“As an affectionate tribute to Reisenberg’s unpretentious artistry, and a showcase for the ravishing playing of Erick Friedman, this release serves as a valuable memento of a collaboration that properly treats violin sonatas as chamber music.”
From Peter J. Rabinowitz
“This (NR’s 1947 Carnegie Hall appearance) is a sensational recital. It’s hard to believe that the pianist who so lovingly caresses the languorously curving phrases of Scriabin’s P[is 42/2 is the same one whose sharp accentuation and brilliant articulation so strikingly bring out the rhythmic crosscurrents of he first of Barber’s Excursions.”
“When this set was first released a few years ago, Boy Pomeroy, in a detailed review, waxed enthusiastic over her ‘prodigious versatility in the widest-ranging repertoire’ and I think that phrase sums it up well.”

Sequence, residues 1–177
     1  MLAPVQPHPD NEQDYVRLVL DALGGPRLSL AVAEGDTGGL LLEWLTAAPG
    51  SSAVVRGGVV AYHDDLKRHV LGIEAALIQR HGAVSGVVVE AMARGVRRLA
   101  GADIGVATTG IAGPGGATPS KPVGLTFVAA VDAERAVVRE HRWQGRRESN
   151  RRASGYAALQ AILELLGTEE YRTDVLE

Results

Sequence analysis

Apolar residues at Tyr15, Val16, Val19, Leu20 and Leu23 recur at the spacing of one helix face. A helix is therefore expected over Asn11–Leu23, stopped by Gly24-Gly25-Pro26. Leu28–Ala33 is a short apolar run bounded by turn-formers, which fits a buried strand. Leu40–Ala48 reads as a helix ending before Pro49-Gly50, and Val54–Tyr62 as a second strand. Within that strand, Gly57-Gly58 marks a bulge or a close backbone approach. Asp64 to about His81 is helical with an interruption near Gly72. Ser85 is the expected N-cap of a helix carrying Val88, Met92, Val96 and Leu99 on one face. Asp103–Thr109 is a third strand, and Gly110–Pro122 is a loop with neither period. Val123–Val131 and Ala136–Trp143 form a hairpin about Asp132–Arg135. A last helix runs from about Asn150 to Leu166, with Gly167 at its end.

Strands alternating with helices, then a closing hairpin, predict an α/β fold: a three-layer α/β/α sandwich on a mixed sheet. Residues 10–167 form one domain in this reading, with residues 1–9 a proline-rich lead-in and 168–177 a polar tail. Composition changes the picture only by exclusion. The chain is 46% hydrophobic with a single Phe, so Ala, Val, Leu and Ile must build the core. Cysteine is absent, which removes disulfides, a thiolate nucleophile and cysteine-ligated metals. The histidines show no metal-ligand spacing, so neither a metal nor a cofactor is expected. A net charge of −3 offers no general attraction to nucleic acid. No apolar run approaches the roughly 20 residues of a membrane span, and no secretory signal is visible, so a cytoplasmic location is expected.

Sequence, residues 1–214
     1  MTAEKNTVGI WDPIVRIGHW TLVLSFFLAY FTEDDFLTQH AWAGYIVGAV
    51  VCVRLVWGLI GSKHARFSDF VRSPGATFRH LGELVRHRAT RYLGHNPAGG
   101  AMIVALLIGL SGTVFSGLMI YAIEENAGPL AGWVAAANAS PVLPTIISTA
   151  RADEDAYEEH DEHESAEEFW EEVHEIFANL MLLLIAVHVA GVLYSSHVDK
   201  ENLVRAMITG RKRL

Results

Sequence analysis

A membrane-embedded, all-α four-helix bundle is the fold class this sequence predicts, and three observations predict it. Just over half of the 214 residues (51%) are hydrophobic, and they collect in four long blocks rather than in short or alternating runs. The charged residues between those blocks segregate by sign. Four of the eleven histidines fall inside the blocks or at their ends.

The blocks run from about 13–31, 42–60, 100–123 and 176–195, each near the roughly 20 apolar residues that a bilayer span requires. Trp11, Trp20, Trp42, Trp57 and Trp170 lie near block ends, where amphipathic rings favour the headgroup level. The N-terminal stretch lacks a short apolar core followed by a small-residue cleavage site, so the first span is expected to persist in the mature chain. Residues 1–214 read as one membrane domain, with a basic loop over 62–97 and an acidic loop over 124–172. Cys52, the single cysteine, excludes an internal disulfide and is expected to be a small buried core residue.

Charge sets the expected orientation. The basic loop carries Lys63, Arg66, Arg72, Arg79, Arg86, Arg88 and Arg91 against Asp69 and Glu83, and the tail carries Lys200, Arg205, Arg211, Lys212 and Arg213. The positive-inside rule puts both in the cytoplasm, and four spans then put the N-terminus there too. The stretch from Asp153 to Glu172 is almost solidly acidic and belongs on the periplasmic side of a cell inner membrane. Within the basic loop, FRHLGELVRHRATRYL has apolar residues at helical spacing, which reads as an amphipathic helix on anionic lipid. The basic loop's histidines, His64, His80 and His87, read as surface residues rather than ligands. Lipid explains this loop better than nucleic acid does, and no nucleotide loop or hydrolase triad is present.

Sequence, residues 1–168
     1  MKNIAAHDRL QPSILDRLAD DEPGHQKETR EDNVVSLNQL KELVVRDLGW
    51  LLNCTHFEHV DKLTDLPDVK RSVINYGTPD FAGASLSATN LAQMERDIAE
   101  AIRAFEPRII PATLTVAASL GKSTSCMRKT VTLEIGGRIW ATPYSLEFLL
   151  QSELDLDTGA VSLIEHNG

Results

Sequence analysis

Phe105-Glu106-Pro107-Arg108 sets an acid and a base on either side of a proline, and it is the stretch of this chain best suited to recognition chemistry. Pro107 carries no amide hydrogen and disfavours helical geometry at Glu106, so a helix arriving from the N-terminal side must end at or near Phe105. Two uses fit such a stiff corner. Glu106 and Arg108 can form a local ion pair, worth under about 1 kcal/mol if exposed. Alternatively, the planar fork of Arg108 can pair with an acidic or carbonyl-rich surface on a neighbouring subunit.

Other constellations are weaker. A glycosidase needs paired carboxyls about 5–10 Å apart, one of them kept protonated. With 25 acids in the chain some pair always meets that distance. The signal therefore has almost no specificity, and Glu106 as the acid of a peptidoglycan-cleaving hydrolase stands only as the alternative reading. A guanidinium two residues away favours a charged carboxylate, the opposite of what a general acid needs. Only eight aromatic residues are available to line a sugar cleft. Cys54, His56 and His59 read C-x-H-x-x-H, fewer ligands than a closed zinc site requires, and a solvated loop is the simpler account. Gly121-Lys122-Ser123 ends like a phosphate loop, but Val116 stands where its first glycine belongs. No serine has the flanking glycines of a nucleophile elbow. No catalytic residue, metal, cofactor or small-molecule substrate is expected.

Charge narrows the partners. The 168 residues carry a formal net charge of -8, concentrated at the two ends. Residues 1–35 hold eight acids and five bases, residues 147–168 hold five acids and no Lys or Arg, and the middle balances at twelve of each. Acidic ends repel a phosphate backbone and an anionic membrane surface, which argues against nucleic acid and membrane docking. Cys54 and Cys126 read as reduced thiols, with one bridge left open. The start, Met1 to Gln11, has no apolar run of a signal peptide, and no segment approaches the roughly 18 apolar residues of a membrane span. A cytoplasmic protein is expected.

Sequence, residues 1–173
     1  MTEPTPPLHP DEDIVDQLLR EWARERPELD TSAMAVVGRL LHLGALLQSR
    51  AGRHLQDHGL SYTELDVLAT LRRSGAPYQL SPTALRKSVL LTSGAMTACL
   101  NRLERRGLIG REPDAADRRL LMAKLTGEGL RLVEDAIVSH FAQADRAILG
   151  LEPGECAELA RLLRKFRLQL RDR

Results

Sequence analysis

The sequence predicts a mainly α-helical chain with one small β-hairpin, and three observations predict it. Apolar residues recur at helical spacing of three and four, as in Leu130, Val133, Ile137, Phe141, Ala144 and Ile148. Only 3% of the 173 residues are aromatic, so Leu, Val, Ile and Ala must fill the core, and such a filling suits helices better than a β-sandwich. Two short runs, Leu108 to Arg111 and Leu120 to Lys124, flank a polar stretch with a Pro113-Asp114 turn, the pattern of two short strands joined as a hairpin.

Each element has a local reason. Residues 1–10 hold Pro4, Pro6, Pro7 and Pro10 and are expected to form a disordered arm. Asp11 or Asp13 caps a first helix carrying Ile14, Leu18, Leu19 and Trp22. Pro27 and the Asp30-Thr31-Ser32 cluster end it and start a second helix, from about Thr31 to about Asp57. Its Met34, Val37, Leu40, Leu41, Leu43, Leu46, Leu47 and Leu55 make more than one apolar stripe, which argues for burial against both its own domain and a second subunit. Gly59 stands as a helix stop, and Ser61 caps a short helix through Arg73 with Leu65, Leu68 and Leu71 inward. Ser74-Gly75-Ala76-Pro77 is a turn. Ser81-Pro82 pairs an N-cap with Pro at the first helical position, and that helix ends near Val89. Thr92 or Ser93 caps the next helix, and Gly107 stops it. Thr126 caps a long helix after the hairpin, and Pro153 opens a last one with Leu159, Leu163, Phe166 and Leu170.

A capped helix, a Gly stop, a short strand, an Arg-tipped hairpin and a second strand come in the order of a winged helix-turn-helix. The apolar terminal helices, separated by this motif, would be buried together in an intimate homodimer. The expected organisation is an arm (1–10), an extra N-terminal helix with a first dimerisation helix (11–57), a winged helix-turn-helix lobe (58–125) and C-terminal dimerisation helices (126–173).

And from Lynn René Bayley
“Every so often I’m asked to review an artist whose work is so good that I consider it an honor. Nadia Reisenberg is one such; my exposure to her, via the 20CD on Roméo 7293/94 was so overwhelming, both intellectually and emotionally, that I found myself mesmerized by her playing.”
“These are certainly the mot achingly beautiful and deeply moving performances (of the Chopin Nocturnes) I’ve ever heard… I was in tears just listening to them. They’re that good.”
“And now we turn to the disc by Nadia’ sister, Clara Rockmore, her junior by seven years. Her playing is remarkable for its exquisite lyricism and elegance, making the theremin sound like a soprano singing without words. Rockmore’s exceptional phrasing and musical sensitivity take ones breath away.”